By the middle of the next decade, soldiers will be working with technology so closely that they will seem to be a single system, says Javier Garcia, a neuroscientist at Army Research Laboratory (ARL) in Adelphi, Maryland. To achieve such seamless integration, artificial intelligence agents must understand and predict what humans are doing, then react accordingly. To enable that to happen, Garcia is shooting magnetic pulses into brains.
Those magnetic pulses target a specific part of the brain and mimic stroke damage there. By observing how the brain recovers, Garcia can learn rules that govern how it reroutes information around compromised areas. AI agents that understand those rerouting rules might be able to work around these problems as they arise. “If we could build a predictive model, the agent could be aware of the state of the human—and then maybe there could be some intervention,” Garcia says.
Such interventions could sharpen the waning attention of a sleepless soldier in a situation where distraction could be the difference between life or death.
The route to recovery
More than a century of research, including neurological studies of people who have suffered brain damage, have mapped functions to specific areas of the brain. But scientists also know that injury to one area of the brain can affect functioning in another, an effect known as diaschisis. This is because each brain area is also part of larger brain networks.
Garcia wants to understand how the brain reorganizes those networks to compensate for damage. To find out, he and his team simulated the effects of a stroke by placing magnets on each subject’s skull, and sending a pulse into their head every second for 15 minutes. This repetitive transcranial magnetic stimulation (rTMS) temporarily quieted the neural activity of the targeted area and disrupted brain networks. Subjects then lay in a functional MRI (fMRI) scanner and kept track of images of spinning pinwheels, while Garcia and the team collected data that monitored their brain activity.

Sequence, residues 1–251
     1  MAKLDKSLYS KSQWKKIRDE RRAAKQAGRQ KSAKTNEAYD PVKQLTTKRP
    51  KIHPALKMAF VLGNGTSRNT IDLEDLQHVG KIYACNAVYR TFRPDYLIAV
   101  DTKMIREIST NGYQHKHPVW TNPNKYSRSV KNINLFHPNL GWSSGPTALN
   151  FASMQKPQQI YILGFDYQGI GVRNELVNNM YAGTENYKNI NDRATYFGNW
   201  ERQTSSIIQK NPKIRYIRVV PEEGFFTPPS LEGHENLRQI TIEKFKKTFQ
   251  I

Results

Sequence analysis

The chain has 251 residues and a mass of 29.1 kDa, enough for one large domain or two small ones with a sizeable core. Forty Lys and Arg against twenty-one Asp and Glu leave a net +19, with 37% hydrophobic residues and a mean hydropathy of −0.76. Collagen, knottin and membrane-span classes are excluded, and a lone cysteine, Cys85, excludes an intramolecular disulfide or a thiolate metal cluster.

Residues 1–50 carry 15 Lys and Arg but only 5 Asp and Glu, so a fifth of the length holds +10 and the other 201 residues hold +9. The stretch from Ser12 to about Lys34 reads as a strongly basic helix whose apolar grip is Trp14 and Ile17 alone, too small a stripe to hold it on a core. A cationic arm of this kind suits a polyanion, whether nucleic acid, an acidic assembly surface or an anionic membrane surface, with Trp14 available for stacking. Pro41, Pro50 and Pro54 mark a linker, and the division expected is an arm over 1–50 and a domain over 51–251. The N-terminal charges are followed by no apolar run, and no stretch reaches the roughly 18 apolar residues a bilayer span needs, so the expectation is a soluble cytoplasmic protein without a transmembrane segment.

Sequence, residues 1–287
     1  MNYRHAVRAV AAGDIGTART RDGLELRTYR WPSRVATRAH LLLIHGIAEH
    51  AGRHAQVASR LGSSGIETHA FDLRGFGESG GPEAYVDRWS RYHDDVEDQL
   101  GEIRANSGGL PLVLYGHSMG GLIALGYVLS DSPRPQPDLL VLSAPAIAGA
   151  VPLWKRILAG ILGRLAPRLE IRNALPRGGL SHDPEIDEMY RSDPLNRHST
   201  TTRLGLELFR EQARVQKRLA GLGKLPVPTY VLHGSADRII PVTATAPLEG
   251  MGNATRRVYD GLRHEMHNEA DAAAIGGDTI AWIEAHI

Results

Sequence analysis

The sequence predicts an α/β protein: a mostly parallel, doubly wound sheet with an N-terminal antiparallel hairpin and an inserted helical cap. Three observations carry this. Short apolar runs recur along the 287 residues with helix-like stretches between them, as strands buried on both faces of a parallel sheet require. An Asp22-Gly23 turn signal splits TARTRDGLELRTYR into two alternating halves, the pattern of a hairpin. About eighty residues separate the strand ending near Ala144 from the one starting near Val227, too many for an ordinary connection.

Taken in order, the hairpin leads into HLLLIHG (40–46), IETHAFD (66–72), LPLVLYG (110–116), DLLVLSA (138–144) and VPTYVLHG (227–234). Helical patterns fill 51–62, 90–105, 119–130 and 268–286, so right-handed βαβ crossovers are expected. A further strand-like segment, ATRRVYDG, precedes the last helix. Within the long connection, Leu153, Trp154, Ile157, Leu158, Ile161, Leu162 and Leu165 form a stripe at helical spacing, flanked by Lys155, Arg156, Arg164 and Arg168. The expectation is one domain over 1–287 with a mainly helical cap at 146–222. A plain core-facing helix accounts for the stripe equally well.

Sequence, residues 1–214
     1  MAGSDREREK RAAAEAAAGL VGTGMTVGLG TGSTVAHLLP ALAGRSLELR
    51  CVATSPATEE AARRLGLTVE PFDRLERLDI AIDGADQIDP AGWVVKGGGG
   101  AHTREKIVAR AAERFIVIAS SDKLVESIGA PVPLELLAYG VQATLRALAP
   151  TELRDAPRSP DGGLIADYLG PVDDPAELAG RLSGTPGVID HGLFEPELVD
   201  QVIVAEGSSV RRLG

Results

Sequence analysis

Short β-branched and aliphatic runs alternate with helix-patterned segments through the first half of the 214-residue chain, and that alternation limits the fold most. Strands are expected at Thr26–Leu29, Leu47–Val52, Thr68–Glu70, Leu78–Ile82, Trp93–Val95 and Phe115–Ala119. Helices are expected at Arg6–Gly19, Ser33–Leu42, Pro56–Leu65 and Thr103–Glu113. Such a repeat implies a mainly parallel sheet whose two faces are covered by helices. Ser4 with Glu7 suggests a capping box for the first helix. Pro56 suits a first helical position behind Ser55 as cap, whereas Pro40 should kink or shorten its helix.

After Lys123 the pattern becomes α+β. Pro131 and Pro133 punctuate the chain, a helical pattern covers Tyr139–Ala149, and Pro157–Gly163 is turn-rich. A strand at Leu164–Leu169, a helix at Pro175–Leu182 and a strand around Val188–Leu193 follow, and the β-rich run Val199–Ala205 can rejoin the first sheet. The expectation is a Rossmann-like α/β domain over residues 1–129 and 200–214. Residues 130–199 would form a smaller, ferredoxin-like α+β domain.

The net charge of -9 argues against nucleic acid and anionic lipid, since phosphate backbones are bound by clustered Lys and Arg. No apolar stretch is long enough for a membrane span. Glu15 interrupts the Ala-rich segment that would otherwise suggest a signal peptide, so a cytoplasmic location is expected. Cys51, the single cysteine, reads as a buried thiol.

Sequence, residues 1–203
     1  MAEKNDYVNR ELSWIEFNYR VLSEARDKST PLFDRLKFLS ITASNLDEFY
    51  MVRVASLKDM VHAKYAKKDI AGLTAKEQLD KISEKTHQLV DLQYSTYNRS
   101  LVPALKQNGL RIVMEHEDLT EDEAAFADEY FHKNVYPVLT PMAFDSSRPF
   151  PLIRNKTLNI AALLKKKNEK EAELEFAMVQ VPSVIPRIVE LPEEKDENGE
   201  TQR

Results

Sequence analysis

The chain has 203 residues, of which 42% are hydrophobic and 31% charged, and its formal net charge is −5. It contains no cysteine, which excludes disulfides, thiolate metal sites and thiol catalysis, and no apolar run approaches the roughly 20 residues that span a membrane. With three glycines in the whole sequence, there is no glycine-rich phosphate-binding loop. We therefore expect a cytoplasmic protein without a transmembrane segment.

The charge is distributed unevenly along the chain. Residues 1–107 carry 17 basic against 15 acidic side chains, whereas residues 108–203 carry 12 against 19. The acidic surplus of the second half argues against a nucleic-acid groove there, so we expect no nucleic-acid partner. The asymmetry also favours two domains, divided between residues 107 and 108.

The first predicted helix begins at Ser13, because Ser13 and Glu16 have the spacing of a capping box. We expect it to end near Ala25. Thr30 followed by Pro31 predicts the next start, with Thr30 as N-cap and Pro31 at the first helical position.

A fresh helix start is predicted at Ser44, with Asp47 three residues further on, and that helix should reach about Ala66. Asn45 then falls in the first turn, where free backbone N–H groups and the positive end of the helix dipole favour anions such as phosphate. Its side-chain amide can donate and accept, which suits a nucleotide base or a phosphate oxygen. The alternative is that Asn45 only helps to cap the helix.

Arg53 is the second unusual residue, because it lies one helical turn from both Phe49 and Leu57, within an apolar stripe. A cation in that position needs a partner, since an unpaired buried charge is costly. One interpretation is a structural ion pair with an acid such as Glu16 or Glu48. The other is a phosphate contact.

By comparing how well the subjects did on subsequent runs of this tracking task, the researchers could visualize how the brain quickly learned to compensate for the simulated damage. The networks returned to normal in about 15 minutes, the team reported last year in the journal Scientific Reports.
“This shows us the resilience of the brain,” Garcia says. “And maybe it’s something that can be harnessed to maintain or increase the performance of an individual.” If an agent could predict a fall in a person’s attention, he says, it could potentially use some sort of cue to refocus it—not necessarily magnetic stimulation, but perhaps an audio or visual cue.
Best of both worlds
Garcia has wanted to use neurostimulation to study brain function since his graduate work in cognitive science at University of California, Irvine. After earning his Ph.D., Garcia started working with a startup that had a contract with the Army Research Laboratory, the U.S. Army’s corporate research laboratory. After a year as a civilian contractor, he applied for a full-time job, and he has been at the ARL nearly six years.
He finds it a good mix of what he likes best about industry and academia. His research is less product-driven than it would be in the commercial world, but has a more specific goal than publishing academic papers. “It’s more future focused, and I’m still doing stuff that I love,” he says.
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